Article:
In honor of the great Neil Armstrong’s passing recently, I thought I would pay tribute. You’re familiar with the famous words crackling over the radio from the surface of the Moon; “That’s one small step for man, one giant leap for mankind.” What small steps can you take today to help you make progress on your giant leap of an automotive project?
Armstrong was basically stepping off a ladder. Definitely a small step, but how much effort was required to get he and his ladder to the surface of the Moon?
I installed a couple pieces on the firewall of my rally/race car the other night. Not to suggest that my bolting up a brake booster and master cylinder and whatnot was in any way as important as landing a man on the Moon, but it was a small step toward my getting this project back on the road.
Think about what it took to get people on the Moon. All the resources and manpower and time and money that it took to get those Lunar Modules designed, built, and parked on top of a giant rocket that shot off into space, ultimately delivering a couple guys to the surface of the Moon for a few brief hours.
I got home from work around 6PM, finished assembling the baby’s crib, called up a rallyista in Tennessee about an interview, had dinner with Vanessa, and watched the latest episode of Breaking Bad (we’re kind of addicted at this point).
Around 930PM, I finally stepped out into the hot, muggy garage to start re-installing engine bay components on the firewall of my would-be rally/race car. I got a cold beer out of the mini fridge I got for Christmas last year and grabbed the first firewall bits I could lay my hands on – the cruise control.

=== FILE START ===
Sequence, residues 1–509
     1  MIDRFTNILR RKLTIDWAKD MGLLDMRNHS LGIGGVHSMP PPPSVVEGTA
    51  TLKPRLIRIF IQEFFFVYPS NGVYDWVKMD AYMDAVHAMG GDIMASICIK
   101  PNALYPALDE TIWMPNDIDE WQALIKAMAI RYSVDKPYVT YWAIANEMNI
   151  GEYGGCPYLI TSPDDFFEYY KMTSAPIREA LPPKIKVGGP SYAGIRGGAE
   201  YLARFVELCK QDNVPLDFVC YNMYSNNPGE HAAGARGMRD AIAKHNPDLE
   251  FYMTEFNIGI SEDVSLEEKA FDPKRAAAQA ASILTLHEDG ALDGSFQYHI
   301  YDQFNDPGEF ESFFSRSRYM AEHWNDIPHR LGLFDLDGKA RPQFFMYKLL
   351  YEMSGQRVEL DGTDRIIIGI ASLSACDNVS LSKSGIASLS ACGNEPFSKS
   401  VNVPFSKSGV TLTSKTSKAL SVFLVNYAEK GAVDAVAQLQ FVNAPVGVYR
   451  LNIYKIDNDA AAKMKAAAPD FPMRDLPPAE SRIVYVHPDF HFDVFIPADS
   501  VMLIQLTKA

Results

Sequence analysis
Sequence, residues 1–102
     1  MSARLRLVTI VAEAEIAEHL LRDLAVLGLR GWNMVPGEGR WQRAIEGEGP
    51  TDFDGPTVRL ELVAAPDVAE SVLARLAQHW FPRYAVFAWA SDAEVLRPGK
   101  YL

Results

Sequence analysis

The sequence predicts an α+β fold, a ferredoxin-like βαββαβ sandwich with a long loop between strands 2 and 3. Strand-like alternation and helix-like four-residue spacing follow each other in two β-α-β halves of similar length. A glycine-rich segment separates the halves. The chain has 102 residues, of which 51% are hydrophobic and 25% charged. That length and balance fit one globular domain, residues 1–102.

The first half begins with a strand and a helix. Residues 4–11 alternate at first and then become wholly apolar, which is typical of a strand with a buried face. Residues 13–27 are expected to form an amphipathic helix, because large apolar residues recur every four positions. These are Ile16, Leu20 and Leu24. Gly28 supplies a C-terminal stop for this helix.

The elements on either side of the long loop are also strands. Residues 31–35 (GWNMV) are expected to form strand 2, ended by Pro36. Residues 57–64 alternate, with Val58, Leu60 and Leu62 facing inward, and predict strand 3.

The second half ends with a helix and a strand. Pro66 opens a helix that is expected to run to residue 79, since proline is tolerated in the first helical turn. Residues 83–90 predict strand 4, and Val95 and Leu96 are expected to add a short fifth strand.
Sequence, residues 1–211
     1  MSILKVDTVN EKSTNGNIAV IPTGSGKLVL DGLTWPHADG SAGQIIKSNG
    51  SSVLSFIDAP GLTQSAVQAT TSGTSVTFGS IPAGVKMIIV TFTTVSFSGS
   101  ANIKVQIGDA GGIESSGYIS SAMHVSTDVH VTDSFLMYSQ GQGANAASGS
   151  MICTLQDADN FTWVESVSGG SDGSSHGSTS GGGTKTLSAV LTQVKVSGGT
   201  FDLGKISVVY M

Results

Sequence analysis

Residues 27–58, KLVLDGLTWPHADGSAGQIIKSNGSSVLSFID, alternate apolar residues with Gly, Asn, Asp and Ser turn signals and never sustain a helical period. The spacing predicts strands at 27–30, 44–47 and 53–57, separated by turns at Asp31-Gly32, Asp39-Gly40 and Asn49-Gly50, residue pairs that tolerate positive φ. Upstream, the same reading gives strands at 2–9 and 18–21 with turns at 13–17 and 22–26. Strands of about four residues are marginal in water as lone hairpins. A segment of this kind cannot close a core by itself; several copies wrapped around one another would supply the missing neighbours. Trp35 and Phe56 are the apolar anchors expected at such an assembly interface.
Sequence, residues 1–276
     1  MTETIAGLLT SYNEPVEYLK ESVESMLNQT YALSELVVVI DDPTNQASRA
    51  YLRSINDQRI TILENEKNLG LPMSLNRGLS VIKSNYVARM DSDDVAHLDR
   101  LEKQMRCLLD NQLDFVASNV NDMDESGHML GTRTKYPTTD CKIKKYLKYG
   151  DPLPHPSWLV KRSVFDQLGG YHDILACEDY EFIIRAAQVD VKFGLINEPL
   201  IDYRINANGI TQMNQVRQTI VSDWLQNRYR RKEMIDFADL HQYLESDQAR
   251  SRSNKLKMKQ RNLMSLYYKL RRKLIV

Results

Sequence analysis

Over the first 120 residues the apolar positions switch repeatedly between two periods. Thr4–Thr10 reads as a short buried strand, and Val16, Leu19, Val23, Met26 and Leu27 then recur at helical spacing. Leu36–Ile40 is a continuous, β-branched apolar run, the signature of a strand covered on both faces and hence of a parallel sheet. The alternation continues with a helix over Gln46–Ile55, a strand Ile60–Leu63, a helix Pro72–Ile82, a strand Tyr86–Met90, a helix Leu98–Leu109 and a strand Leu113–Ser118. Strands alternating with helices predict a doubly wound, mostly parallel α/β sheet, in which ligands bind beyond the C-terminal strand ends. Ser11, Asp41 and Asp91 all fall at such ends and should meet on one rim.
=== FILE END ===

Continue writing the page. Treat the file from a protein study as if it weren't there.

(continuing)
Here’s what I started with.
Why cruise control on a rally/race car, you ask? I want to get as much use out of my race car as possible. That means driving to California, Utah, New Mexico and maybe even the DSM/EVO Shootout some day in Ohio. I am willing to give up fractional performance potential for cruise control and air conditioning.
Besides, the first thing I noticed I could address was bolting the throttle cable to the firewall. Here’s what the cruise looked like once I bolted it up.
Now, I’ve had about 100ft of this stuff called Tech Flex which is designed for wrapping wires, but I thought, now is the time to make things look as awesome as possible, right? Out came the Tech Flex. I think it turned out pretty slick.
Here’s a close up of the Tech Flex in action.
I was hoping to get myself to bed around 10PM, but ended up tinkering on the car until just after 11PM, when I told myself I had to walk away for the night. Didn’t stop me from dropping the charcoal canister in there, though. It ain’t hooked up, but I’m not kicking it anymore!
GET THINGS DONE.
It wasn’t much, but it was enough, and maybe, just like Neil Armstrong reminded us all of our potential in the Universe, just forcing myself to get out into the night to turn a couple wrenches reminded me of how in order to finish first, you must first finish.
I feel like a gearhead again. What can I do next, and when can I get back out there to do it?
Are there any simple, free tasks you could knock out on your project in an hour or so? What’s keeping you from getting them done? It’s free. It’s easy. What’s the deal? We should compare notes.